Allan rankin- Thinking about it

I was going down memory lane with a friend a few weeks ago, recollecting childhood days growing up on the outskirts of Summerside.

All of us have done this sort of thing from time to time.

Like most small towns of its day, Summerside had a Water Street, or its equivalent, a downtown hub of department stores, grocery stores, smaller speciality shops, restaurants, barber shops, banks, and professional offices.

My mother did her grocery shopping at Holman’s, and Biscuits, the delivery man brought them to our house at Glover’s Shore. Shoes were bought at Sheen’s, other clothing at Smallman’s, fancier stuff at MacKenzie’s House of Fashion, flowers at Kelly’s, and books at Mrs Bell’s shop on Spring Street.

I picked up the latest copy of Famous Monster magazine at the news stand on the corner of Granville and Water, my first 45 record at MacAusland’s and ice cream at the Ideal Dairy on Central, across from the Capital Theatre.

All of these small local businesses were owned and operated by our neighbours, families who resided in the town and some of their children were school friends of mine.

It was a self-reinforcing local retail economy in which profits remained in the community and though product variety and choice didn’t rival the larger centres, the two locally owned department stores, Holman’s and Smallman’s, worked hard to keep up with the latest trends and styles.

These local businesses prided themselves on quality and customer service.

There was a very human scale and character to Water Street at that time. It was a street for pedestrians, bicycles and people going about their daily business. It was also a gathering place to socialize on the street or maybe at Smallman’s snack bar where the biggest and most delicious milkshakes could be found.

If you stand on the corner of Water and Spring Streets today, near what used to be the main entrance to the Holman Department Store, the words “Holman’s Where Old Friends Meet” are still memorialized in the sidewalk.

But few people meet on Water Street these days.

The brick paver sidewalks and fancy lighting, and a transformation of the Holman’s building into a suite of government offices, suggest a valiant effort by municipal leaders to revitalize the downtown, but Water Street is really a dead place.

With the closure two years ago of Crocket’s Jewellers, all of the old family retail business are now gone and there is little to draw anyone to what is left of Summerside’s downtown.

The business activity has been relocated to the north end of Granville Street, and is dominated by two strip malls and several large box stores, including Walmart, Sobey’s, Superstore, and Canadian Tire. Most of the smaller retail businesses in the mall areas are national chain outlets.

If you put your ear to the sidewalk along north Granville Street these days, you can hear the whoosh of money being sucked out of the community.

This is the story of one little town. Of course it is not unique. Beginning in the 1960s, smaller communities throughout North America have seen their downtowns obliterated by the emergence of shopping malls and box stores.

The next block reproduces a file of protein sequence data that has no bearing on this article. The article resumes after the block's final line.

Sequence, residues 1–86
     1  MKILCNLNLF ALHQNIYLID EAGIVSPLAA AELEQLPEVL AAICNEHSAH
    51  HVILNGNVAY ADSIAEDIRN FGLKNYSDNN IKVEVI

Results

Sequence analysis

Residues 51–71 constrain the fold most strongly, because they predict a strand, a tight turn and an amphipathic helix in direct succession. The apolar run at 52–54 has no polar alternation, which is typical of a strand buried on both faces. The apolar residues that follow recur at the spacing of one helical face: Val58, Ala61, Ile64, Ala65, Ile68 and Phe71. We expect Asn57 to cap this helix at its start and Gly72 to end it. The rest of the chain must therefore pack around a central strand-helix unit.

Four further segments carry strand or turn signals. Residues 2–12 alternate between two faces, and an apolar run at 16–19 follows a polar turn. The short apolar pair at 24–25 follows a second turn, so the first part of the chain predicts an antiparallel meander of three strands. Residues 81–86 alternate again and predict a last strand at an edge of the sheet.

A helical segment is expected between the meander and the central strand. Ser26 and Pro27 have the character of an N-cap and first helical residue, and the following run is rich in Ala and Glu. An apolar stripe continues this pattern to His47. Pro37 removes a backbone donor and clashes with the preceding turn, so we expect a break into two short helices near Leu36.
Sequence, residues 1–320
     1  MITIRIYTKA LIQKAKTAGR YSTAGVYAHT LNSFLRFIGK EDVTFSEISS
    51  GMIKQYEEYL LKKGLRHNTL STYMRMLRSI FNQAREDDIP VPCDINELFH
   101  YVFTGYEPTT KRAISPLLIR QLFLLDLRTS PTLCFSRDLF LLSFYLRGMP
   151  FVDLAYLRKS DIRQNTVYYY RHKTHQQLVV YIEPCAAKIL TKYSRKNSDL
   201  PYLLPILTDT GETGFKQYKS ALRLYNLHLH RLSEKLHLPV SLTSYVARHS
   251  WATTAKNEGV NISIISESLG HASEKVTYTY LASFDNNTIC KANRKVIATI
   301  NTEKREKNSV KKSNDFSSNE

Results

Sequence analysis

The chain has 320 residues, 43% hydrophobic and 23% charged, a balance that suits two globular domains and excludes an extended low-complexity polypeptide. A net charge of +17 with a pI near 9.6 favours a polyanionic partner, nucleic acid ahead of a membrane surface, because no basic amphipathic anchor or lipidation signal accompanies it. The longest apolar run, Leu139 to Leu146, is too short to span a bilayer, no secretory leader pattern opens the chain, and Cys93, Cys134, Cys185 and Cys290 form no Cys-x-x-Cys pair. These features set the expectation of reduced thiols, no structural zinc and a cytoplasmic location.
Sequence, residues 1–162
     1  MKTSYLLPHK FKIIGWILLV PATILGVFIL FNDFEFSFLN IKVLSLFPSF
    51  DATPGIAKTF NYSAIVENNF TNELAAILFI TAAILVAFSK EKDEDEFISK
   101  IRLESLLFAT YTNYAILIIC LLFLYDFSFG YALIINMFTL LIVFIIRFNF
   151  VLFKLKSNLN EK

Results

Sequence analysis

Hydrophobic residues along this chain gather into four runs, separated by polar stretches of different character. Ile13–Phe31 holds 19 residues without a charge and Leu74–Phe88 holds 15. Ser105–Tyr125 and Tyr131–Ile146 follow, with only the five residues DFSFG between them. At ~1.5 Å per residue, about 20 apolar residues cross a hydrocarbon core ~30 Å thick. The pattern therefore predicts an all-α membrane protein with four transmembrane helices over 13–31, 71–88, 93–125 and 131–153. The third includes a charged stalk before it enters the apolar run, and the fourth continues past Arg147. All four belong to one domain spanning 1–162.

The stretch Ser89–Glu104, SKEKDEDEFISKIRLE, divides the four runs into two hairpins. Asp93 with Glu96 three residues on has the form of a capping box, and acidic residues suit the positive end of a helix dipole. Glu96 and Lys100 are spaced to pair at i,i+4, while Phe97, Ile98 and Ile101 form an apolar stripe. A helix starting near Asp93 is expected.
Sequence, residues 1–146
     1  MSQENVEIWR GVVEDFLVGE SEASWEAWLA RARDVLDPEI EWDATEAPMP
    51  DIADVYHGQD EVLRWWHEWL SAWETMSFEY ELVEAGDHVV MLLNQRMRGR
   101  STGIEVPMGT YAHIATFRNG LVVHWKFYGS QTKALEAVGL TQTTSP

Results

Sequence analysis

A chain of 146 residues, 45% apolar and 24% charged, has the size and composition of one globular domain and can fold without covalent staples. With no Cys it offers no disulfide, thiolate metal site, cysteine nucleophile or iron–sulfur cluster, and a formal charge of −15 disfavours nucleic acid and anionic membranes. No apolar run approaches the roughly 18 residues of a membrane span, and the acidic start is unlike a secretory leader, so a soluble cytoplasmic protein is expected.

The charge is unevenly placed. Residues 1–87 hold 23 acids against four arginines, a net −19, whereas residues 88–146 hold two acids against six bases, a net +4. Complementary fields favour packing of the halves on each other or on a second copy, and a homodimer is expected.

I remember the vigorous shopping mall debates of the early 1980s, the Shopping Mall Moratorium of Conservative Premier J Angus MacLean and the misadventures of Charlottetown developer Frank Johnston.

Premier MacLean’s approach was true and noble, but a little like the Dutch boy with his finger in the dyke, and in the end, we gave up on our local businesses and swarmed to the indoor malls like flies to honey.

The Charlottetown downtown business district still has a slight pulse but box store retail development continues to spread outwards and across the bridge into Stratford.

Living as I do in Hunter River and with Sears, Kent, Sobeys, Canadian Tire, Tim Horton’s and the Liquor store all situated together just beyond the Arterial Highway in Winsloe, there are few reasons for me to go into downtown Charlottetown.

I usually avoid the downtown of our capital city simply because there is nowhere to park during the daytime. As a city parking attendant confessed to me one time, most of the meters are being fed by employees of local businesses and offices and you have to do a lot of circling and waiting to find one.

Big box retailers come in several flavours. There are the so-called category killers like Best Buy and Toys “R” Us that focus on one kind of merchandise, the discounters like Wallmart that sells a broader range of goods, and the warehouse clubs like Costco.

We have most of these on the Island now, excepting Costco, welcomed by city officials anxious for the tax revenue but indifferent to other realities such as the minimum wages paid to employees and no commitment to the community.

The American States of Vermont and California have led the fight against big box store development with varying success, but for Prince Edward Island the horse is already out of the barn.

Islanders can’t wait to roam the aisles of Princess Auto and dream about the day when they can purchase a membership to their very own Costco.

A month or so ago my friend, Perry Williams and I took a little trip over to Amherst, Nova Scotia, to get a firsthand look at the operations of the amazing little community radio station CFTA.

As we walked down the main street of that once vibrant town at the head of Chignecto Basin, we came to the beautiful old three-storey brick Margolian’s department store, built in 1906 and operated since 2004 as Dayle’s.

The window displays were empty and the sign said it all, CLOSING.

Driving out Albion Street towards the highway, you pass by the new Walmart.

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